Commentary on Political Economy

Tuesday, 8 September 2020


Brave New Words Hint at a Less Democratic Future

From Hong Kong to Poland to the U.S., there's a pickup in the markers of authoritarian language.

Carrie Lam has gone from calling opponents “spoiled children” to “enemies of the people.”
Carrie Lam has gone from calling opponents “spoiled children” to “enemies of the people.” Photographer: ANTHONY WALLACE/AFP/Getty Images

In politics, language is a reliable indicator of the direction of travel. Today, rhetoric from the Republican Party convention in the U.S. to India, and from Poland to Brazil, points away from liberal democracy. The change has rarely been swifter than in Hong Kong.

The markers of autocratic speech are globally apparent. There’s the divisive “us versus them” rhetoric, the ad hominem attacks, the inflammatory comments on dissenters and the fetishization of law and order, feeding on popular insecurities. There’s the personalization of politics. There is also, increasingly, the willingness to disregard fact. It’s in President Donald Trump’s convention speech — say, that the new U.S. embassy in Jerusalem cost “less than $500,000” when the move will come to many  times that —  but it’s elsewhere, too. In Hong Kong, police advanced an alternative account of one of the most well-documented attacks of the 2019 protests, despite video evidence, eye-witness accounts and even the police's own testimony to an inquiry.

An autocratic system doesn’t require the population to believe its leaders. It only requires them to believe nothing at all. Truth itself becomes debatable.

The underlying trend is well documented, and global. Research carried out by political scientists at the University of Gothenburg in Sweden suggests that in 2019, for the first time since 2001, democratic states and territories were no longer in the majority. There are more protest movements, most recently in Belarus, but for now more than a third of us live in nations that are becoming more autocratic; just 8% of the world’s population live in regimes going in the opposite direction. 

The rhetoric is keeping up with the times in Hong Kong.

Government communiques in the former British colony used to be dry, factual and understated, a practice that continued after the 1997 handover to China. Even during the Occupy sit-in that paralyzed much of the central business district for over two months in 2014, official statements remained relatively sober. What remained of the technocratic language, though, has since disappeared fast.

Early in the 2019 demonstrations, Chief Executive Carrie Lam characterized protesters, perhaps in a clumsy effort to appear maternal, as spoiled children. By November, they were enemies of the people. That’s a denomination now expanded to opponents of a national security law, while medical professionals that have questioned a mass Covid-19 testing campaign are accused of smearing Beijing. As China tightens its grip, its vocabulary of hurt national feelings and threat is turning up in the territory. The once technocratic language of Hong Kong’s leaders has become more strident, emotional, subjective.

The trend began last year, most notably when a police official suggested a man beaten by officers in a taped attack was in fact a “yellow object.” Or when Lam denied police used excessive force to control demonstrations, despite footage and research showing the contrary. It went several steps further when Hong Kong police retold one of the most notorious incidents during last year's protests. On July 21, 2019, an organized group of white-shirted men armed with canes and rods attacked commuters and anti-government protesters arriving back at a subway station in the territory's northwest. A senior officer last month asserted that the attack wasn't indiscriminate and instead described it as a clash between two groups. A pro-democracy lawmaker who says he called the police and was injured that night was arrested and accused of rioting.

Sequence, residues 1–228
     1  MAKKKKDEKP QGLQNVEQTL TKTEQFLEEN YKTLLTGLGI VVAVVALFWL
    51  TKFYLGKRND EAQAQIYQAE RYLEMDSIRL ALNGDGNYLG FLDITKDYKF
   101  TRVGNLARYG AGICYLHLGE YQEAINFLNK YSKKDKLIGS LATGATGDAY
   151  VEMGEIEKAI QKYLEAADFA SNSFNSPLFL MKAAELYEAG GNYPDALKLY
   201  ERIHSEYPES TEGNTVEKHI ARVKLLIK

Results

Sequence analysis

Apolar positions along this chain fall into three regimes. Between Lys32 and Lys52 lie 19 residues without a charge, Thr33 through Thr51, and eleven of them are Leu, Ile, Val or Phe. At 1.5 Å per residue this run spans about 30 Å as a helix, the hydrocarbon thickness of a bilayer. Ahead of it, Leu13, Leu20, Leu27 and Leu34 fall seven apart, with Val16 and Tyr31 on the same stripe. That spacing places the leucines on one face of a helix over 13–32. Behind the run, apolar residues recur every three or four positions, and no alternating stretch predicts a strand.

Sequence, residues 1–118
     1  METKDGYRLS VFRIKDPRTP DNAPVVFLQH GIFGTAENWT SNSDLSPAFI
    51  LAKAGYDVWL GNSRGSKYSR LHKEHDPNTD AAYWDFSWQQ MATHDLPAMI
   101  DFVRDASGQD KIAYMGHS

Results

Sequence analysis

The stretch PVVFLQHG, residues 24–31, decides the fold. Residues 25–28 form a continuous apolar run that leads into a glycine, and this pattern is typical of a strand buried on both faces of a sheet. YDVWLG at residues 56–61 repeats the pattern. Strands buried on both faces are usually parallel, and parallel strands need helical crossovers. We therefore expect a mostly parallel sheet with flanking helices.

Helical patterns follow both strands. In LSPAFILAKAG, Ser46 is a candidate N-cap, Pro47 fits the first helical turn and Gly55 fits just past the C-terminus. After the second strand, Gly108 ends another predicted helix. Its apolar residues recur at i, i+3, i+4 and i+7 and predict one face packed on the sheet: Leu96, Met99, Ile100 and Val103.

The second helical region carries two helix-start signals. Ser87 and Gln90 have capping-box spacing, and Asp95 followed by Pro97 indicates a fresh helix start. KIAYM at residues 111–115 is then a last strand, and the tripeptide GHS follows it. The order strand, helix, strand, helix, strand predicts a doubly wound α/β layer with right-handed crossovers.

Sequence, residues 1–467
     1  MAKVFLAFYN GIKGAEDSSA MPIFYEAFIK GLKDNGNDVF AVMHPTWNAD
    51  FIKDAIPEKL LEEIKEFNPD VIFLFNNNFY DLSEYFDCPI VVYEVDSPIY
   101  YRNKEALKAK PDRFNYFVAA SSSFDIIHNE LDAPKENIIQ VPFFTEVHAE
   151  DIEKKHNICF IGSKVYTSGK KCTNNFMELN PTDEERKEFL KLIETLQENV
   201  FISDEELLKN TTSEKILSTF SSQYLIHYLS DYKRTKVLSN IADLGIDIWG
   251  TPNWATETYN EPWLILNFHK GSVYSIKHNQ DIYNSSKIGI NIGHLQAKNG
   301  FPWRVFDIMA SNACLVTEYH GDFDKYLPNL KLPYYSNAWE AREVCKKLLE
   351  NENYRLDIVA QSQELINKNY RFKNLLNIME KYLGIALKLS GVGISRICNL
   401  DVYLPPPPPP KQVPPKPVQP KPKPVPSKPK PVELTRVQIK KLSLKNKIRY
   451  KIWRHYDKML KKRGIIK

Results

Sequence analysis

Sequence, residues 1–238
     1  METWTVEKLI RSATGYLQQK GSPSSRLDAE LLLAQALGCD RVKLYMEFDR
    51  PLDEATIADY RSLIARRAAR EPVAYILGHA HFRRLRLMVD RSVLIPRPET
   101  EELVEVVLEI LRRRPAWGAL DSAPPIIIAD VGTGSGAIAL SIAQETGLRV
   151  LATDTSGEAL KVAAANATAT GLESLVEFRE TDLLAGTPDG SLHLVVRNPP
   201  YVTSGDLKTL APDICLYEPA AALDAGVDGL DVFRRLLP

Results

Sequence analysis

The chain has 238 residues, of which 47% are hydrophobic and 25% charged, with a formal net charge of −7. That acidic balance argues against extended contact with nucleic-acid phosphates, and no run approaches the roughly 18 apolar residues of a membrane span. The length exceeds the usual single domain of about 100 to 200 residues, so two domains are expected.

None of these tactics are unique to Hong Kong. Siege mentality is common. Polish leader Andrzej Duda was re-elected in July after a campaign of dark national populism that baited minorities. India has not been immune to divisive tactics. The Kremlin is often similarly divorced from fact: President Vladimir Putin recently recast the history of the Second World War to absolve the Soviet Union and its behavior at the start of the conflict. Brazil’s Jair Bolsonaro, meanwhile, has outdone himself during Covid-19, dismissing the illness as “a little cold,” while promoting unproven miracle cures. This is the world of Trump’s alternative facts.

But in Hong Kong, this wasn't the norm. The abrupt nature of the shift shows just how fast the city has gone from a hybrid political system with extensive civil liberties into something quite different — even if popular outrage over the subway incident, to pick an example, shows the shift is meeting resistance. Lee Morgenbesser at Griffith University in Australia, who studies authoritarianism, points out that the government has tried to recast the events of that evening without having full control of the media, or of information in the public domain, including on social media. The result is not flattering. 

Eroding institutions and questioning facts unmoors us all, as philosopher Hannah Arendt pointed out half a century ago. Populations become disconnected, and cynical. They cease to trust. For Hong Kong, the cost is an erosion in freedom of speech and the independent judiciary, factors that have been fundamental in the territory’s economic success. Beijing’s hope is that Hong Kong will stop meddling with politics and get on with business. That may be wishful thinking.

This column does not necessarily reflect the opinion of the editorial board or Bloomberg LP and its owners.

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